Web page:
The case caused a sensation in December in New Zealand: an anti-vaccine couple who opposed an operation to save their baby lost some the guard. The parents refused to allow him to be transfused with blood from donors vaccinated against Covid-19, fearing that he would be “contaminated” by … the vaccine.
Like this couple, the so-called “pure blood” movement is gaining momentum as misinformation about Covid-19 spreads. He spreading conspiracy theories that receiving transfusions from people vaccinated against Covid “contaminates” the blood.
In New Zealand, but also in the United States, France and Switzerland, opponents of vaccination are trying to organize in order not to be confronted with the vaccine.
However, these theories are not based on “any scientific evidence,” says Katrine Wallace, an epidemiologist at the University of Illinois at Chicago:
If you donate blood from a vaccinated person to someone who is not, the person receiving the transfusion will not be vaccinated
This does not prevent Internet users from advocating for the creation of blood banks dedicated to people who have not received an injection, a request also received by doctors in North America.
The New Zealand couple’s case has become iconic for anti-vaccine campaigners. These cases “spread like wildfire” on the Internet, “drawing attention to anti-vaccine conspiracy theories,” explains Katrine Wallace.
Calls for violence
In private groups on social networks, defenders of this “pure blood” call for violence against caregivers who vaccinate – mistakenly convinced that the vaccinated die en masse.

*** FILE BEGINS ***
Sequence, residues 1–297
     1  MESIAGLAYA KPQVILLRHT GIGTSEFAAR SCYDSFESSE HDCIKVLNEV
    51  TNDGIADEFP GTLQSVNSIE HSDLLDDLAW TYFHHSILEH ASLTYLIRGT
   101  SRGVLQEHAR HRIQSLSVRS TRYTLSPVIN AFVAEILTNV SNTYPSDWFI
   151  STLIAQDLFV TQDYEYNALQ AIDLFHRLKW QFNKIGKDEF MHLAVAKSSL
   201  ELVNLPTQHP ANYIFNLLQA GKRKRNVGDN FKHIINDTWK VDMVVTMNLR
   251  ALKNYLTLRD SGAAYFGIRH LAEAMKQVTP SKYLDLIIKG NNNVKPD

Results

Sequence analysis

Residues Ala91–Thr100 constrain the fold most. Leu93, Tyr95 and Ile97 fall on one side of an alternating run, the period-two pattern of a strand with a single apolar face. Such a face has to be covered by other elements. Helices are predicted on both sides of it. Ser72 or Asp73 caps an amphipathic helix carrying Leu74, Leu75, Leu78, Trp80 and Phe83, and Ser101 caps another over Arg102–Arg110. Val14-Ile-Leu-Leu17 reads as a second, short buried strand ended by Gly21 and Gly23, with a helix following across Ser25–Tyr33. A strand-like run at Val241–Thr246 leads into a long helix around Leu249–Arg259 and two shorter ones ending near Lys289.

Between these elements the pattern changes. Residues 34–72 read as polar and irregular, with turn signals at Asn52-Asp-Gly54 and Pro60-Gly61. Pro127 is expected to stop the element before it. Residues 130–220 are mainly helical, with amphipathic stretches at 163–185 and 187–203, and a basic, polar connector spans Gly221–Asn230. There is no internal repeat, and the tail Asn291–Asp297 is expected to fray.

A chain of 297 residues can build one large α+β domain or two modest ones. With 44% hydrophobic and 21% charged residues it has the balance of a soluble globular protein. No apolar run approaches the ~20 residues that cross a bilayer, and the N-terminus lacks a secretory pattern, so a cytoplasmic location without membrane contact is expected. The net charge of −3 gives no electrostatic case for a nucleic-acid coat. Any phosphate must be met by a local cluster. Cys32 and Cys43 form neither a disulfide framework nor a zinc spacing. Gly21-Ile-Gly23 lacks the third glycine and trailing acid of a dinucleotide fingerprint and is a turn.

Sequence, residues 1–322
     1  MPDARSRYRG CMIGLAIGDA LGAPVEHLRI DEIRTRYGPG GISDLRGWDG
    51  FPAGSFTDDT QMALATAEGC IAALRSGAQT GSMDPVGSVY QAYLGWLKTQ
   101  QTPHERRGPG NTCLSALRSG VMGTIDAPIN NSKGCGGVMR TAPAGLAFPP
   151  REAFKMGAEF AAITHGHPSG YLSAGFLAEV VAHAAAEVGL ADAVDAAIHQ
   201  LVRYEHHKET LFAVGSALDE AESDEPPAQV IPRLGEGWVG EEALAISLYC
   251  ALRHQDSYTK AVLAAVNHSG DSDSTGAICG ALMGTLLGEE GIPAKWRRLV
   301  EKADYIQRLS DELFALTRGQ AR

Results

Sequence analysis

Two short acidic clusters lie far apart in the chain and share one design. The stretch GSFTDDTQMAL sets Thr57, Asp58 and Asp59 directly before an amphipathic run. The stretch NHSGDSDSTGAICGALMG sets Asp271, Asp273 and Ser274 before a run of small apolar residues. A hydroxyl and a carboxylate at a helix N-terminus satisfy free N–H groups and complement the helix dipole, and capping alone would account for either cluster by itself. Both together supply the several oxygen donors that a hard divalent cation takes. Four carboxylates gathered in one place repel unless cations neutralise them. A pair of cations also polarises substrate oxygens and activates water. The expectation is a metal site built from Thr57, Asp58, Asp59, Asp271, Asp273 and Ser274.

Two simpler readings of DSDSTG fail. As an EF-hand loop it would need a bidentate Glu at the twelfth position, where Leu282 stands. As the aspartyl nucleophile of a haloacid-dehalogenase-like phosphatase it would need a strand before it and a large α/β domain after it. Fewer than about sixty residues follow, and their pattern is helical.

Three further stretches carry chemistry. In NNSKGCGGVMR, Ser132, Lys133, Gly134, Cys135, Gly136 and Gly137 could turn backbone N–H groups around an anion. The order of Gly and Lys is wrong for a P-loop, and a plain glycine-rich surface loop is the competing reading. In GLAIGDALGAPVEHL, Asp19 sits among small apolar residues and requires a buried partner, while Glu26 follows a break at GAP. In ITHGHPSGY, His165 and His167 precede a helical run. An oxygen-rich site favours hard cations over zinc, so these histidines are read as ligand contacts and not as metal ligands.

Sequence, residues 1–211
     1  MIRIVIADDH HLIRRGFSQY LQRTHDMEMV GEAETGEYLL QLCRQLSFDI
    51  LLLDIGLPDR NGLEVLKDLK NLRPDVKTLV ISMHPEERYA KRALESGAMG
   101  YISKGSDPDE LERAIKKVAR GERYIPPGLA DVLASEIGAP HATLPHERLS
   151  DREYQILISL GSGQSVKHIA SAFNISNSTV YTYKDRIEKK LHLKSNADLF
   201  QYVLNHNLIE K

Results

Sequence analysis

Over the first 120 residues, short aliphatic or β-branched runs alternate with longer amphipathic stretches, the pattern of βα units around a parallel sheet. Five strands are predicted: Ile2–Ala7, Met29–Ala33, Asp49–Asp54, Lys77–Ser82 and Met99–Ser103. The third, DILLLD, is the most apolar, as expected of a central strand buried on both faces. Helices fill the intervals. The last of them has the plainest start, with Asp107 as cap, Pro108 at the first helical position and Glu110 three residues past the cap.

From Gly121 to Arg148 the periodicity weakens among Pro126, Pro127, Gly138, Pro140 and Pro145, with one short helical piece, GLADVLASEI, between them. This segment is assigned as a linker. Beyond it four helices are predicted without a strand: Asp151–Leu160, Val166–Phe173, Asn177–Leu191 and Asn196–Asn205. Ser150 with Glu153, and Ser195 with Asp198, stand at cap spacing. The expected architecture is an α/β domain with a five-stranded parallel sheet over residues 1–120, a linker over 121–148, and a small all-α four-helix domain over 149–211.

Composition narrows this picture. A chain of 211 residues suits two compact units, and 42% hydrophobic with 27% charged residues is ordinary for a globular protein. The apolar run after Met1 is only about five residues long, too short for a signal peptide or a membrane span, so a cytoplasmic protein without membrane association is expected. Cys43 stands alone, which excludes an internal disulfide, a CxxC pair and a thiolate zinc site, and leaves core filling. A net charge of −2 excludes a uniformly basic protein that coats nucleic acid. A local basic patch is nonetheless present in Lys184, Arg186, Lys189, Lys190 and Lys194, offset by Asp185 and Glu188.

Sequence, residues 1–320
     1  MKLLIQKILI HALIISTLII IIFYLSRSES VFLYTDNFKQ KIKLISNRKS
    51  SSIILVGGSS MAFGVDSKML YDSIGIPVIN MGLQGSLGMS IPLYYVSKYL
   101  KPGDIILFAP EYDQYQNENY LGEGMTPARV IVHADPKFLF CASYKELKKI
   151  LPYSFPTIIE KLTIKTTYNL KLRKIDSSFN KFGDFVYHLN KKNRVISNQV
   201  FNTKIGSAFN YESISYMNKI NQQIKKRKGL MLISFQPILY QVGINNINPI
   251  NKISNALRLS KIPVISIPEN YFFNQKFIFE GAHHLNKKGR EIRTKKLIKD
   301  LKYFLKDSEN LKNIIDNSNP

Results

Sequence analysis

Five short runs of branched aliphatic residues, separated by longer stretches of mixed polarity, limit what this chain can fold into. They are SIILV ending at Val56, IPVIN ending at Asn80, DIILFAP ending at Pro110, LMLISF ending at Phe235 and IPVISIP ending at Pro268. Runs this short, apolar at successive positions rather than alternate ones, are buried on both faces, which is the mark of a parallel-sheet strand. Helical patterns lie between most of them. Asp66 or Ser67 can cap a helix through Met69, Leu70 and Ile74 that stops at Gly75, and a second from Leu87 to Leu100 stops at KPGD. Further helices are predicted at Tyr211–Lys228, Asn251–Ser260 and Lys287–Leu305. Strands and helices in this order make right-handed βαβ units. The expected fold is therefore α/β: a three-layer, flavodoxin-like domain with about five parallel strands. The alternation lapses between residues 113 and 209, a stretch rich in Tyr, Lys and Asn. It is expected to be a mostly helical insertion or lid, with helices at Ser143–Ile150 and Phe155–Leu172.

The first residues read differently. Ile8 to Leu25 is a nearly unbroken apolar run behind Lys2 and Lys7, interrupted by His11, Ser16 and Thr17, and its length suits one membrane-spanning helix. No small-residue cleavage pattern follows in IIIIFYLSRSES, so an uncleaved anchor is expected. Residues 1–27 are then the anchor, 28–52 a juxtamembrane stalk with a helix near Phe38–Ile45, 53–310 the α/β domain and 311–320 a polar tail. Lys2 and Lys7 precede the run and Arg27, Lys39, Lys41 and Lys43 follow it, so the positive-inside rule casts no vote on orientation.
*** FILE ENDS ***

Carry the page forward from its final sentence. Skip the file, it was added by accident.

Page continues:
Images on one of these groups, for example, show a nurse holding a syringe in the middle of a field strewn with skulls.
An organization based in Zurich (Switzerland), “Safe Blood Donation”, even seeks to connect donors and non-vaccinated recipients. The association, founded by a Swiss naturopath, George Della Pietra, promises on its website to provide blood for its clients. It says it is present in Western Europe, North America, Africa and Asia.
“Many researchers and doctors have many concerns about Covid vaccines and are also convinced that they enter the body through the blood, in a roundabout way, you might say, and stay there,” says Safe Blood Donation official Clinton Ohlers .
A confirmation diametrically opposed to scientific knowledge:
Blood donations from people vaccinated against Covid-19 are safe for transfusions
Jessa Merrill, American Red Cross
The vaccine’s components “do not end up in the bloodstream,” she adds.
Entrance €50 and subscription
Members of Safe Blood Donation must pay an entry fee of 50 euros, then an annual subscription of 20 euros, according to its website.
“The ‘safe blood’ movement is 100% based on vaccine misinformation,” says epidemiologist Katrine Wallace. “And it is unfortunately profitable to appeal to people’s fears. »
The search for so-called “purity” is not limited to blood: on social networks, publications aim to find breast milk from unvaccinated people, or even sperm – the “next Bitcoin”, plotters predict.
It is difficult to estimate the number of people seeking “unvaccinated” blood, but experts say it would be a challenge anyway in countries with high vaccination rates.
In the United States, where more than 80% of the population has received at least one dose, health officials explain that they do not ask donors to have their vaccination status tested.
Hospitals cannot communicate this information to patients when it comes to blood donation.